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Math Help - Finding pi as a sum of rational number :]

  1. #1
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    Exclamation Finding pi as a sum of rational number :]

    Well I'm abit curious about the Taylor Series-

    Suppose f(x)= arctan(x)

    Lets find the taylor series of f(x)....

    We get that

    arctan(x)= SUM n=0 --> infinity [x- x^3/3 + x^5/5 -x^7/7 ..... (-1)^(n+1)*x^(n+1) / (n+1) .......... ]

    lets assume that its keeps going and there is no end point k

    when we sub in x=1

    we get

    pi/4= 1-1/3+1/5+1/7 + .................+ 1/(n+2) +.........


    now multiply both by 4

    we should get pi is approx = 4 -4/3 +4/5 +4/7 ............. + 4/(n+2) +.....

    Is this enough ??

    is there a proof where it shows pi can be written in rational/irrational numbers etc..

    I know my proof seems sort of dodgy- but please correct me

    Thanks for your time and effort.
    Last edited by Khonics89; May 30th 2009 at 09:38 PM.
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  2. #2
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    you made a typo with -4/2 as it should be -4/3 but otherwise

    Leibniz formula for pi - Wikipedia, the free encyclopedia

    your proof is certainly convincing enough even if not as rigorous as it could be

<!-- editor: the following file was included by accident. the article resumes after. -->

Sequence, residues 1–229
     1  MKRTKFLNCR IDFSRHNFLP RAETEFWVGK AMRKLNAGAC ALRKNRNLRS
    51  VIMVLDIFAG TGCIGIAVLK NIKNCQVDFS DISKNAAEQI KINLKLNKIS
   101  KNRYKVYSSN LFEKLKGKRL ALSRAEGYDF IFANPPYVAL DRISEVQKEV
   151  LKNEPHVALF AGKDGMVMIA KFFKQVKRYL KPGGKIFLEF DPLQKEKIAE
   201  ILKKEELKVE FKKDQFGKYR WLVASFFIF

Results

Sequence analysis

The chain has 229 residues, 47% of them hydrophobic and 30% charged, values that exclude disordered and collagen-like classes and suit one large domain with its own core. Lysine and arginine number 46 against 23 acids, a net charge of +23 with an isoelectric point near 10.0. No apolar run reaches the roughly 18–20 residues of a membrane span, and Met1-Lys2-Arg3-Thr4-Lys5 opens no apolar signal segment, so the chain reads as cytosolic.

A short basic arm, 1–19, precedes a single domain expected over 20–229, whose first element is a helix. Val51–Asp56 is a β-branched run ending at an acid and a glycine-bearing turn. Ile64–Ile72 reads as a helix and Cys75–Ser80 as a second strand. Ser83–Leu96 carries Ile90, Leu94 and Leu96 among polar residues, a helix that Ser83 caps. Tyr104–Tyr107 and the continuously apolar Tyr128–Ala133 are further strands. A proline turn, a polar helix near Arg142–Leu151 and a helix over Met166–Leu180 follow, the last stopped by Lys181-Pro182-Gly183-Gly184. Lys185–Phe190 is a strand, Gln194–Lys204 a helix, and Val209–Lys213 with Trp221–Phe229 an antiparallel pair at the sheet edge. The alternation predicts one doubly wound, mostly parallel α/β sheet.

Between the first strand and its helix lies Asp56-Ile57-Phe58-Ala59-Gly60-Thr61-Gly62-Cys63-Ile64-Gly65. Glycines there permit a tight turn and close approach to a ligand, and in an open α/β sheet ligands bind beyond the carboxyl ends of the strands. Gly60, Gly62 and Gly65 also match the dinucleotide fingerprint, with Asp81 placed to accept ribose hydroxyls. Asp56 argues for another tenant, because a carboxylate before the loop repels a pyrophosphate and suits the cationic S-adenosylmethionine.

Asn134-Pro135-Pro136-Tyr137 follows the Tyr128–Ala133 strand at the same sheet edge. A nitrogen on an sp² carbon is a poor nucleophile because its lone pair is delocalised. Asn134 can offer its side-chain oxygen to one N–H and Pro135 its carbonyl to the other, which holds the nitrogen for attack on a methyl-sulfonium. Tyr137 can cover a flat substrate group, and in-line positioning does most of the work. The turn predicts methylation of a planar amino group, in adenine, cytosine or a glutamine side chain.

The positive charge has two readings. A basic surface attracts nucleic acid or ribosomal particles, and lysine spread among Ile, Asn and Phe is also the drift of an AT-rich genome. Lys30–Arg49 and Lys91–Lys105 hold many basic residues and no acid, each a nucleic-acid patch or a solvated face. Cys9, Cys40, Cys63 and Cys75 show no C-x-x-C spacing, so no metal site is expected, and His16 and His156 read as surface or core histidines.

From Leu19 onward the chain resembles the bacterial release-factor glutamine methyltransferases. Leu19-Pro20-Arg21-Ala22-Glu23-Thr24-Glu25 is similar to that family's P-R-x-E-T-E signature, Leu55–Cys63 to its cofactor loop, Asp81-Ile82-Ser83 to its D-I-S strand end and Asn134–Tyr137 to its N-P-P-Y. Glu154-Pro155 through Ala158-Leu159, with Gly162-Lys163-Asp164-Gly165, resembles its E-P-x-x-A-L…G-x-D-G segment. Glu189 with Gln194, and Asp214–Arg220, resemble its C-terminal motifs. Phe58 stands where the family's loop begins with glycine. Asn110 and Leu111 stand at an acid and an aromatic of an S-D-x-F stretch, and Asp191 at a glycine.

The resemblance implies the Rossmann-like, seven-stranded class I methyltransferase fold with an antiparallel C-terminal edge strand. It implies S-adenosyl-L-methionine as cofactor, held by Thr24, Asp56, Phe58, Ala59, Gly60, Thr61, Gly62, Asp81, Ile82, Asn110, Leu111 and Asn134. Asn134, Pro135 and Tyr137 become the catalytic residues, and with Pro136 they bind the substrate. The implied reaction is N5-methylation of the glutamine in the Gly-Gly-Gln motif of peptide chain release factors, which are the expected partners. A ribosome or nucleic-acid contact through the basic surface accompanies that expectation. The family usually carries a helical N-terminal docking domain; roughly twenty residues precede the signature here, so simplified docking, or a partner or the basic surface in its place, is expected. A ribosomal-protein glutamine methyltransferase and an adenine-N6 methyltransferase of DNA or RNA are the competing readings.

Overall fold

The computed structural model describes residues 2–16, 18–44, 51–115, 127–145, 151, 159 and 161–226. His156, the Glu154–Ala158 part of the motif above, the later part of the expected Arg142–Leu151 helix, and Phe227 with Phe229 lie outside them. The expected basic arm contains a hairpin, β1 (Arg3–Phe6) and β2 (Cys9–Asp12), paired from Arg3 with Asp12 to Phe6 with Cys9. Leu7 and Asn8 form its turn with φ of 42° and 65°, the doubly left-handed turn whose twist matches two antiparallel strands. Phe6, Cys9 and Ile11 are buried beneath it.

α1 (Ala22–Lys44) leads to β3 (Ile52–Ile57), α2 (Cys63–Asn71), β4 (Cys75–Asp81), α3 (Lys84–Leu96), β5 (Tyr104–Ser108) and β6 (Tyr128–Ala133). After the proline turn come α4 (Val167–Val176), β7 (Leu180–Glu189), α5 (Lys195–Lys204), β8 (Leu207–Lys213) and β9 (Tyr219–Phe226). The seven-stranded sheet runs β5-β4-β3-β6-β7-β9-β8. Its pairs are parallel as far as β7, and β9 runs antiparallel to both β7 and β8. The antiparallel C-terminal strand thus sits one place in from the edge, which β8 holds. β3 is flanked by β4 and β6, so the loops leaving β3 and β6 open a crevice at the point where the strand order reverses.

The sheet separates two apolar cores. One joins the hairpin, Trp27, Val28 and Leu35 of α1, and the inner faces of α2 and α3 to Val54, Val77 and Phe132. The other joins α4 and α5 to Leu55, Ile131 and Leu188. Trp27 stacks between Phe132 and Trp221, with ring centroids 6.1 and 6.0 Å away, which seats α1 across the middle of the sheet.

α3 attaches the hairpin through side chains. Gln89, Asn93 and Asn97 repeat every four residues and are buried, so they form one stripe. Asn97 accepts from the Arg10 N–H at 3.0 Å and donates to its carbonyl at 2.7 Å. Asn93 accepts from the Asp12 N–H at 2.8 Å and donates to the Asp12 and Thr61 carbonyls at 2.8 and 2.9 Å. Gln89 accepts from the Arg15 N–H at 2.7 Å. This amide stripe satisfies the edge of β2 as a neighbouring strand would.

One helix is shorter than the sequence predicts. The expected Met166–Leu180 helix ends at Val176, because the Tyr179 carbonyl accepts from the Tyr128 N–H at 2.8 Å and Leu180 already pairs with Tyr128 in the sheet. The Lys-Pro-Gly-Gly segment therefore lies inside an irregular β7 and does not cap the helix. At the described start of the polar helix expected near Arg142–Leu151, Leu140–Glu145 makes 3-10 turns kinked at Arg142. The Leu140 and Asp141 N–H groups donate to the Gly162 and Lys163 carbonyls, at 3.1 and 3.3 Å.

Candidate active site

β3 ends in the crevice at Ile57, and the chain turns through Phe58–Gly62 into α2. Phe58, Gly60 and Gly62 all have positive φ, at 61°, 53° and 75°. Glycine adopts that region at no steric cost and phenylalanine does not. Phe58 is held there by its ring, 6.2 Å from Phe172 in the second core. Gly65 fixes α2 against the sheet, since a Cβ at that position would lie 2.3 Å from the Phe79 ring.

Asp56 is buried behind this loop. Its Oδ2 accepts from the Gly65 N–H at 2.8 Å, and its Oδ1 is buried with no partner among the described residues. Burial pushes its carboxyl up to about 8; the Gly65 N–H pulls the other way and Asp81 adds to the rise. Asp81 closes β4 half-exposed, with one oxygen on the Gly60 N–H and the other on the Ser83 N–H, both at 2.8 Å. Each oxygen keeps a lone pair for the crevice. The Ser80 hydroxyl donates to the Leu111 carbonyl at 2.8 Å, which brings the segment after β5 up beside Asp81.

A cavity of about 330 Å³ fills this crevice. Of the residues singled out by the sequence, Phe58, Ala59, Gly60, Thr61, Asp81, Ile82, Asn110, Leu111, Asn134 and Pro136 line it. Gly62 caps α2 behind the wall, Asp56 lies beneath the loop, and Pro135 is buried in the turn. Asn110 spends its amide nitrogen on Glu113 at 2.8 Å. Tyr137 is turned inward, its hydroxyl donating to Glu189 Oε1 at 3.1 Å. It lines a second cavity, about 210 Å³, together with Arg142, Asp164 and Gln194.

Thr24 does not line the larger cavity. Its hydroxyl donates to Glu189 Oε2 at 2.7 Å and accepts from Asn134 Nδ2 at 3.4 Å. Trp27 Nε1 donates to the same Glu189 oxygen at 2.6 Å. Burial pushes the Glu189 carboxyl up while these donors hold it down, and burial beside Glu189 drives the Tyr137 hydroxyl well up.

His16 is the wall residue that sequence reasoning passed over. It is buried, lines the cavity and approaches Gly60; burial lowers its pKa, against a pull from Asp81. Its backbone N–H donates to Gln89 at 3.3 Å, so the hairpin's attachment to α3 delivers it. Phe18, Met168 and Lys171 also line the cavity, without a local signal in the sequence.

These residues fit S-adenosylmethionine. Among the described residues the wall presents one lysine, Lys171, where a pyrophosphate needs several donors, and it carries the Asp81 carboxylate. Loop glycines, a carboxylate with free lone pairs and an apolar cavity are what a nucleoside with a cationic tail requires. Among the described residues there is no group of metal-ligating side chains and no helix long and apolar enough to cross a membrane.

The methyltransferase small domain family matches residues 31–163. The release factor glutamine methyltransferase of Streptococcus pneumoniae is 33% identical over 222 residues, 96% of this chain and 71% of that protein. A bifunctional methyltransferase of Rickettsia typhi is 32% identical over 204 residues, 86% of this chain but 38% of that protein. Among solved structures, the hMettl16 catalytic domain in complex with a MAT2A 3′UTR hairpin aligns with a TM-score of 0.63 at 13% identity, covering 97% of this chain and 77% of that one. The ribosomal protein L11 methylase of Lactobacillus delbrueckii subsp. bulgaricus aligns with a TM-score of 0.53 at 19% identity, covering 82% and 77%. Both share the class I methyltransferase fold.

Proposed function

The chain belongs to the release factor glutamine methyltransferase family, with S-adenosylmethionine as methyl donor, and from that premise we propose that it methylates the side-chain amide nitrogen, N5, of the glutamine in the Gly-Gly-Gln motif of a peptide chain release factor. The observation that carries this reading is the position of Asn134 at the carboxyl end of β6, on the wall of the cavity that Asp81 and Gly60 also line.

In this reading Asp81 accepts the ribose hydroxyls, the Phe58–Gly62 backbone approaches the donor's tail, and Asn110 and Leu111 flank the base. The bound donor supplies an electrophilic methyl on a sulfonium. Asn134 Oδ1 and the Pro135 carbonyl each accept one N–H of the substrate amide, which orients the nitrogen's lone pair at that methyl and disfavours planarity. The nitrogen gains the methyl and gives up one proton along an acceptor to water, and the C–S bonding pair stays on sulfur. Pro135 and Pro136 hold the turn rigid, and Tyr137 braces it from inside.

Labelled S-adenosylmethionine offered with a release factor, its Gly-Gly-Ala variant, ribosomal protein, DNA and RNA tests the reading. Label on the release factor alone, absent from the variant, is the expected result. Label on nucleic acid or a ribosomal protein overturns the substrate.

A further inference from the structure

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  3. #3
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    Quote Originally Posted by Khonics89 View Post
    Well I'm abit curious about the Taylor Series-

    Suppose f(x)= arctan(x)

    Lets find the taylor series of f(x)....

    We get that

    arctan(x)= SUM n=0 --> infinity [x- x^3/3 + x^5/5 -x^7/7 ..... (-1)^(n+1)*x^(n+1) / (n+1) .......... ]

    lets assume that its keeps going and there is no end point k

    when we sub in x=1

    we get

    pi/4= 1-1/3+1/5+1/7 + .................+ 1/(n+2) +.........


    now multiply both by 4

    we should get pi is approx = 4 -4/2 +4/5 +4/7 ............. + 4/(n+2) +.....

    Is this enough ??

    is there a proof where it shows pi can be written in rational/irrational numbers etc..

    I know my proof seems sort of dodgy- but please correct me

    Thanks for your time and effort.
    Pi - Wikipedia, the free encyclopedia
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  4. #4
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    ohh ok nice websites
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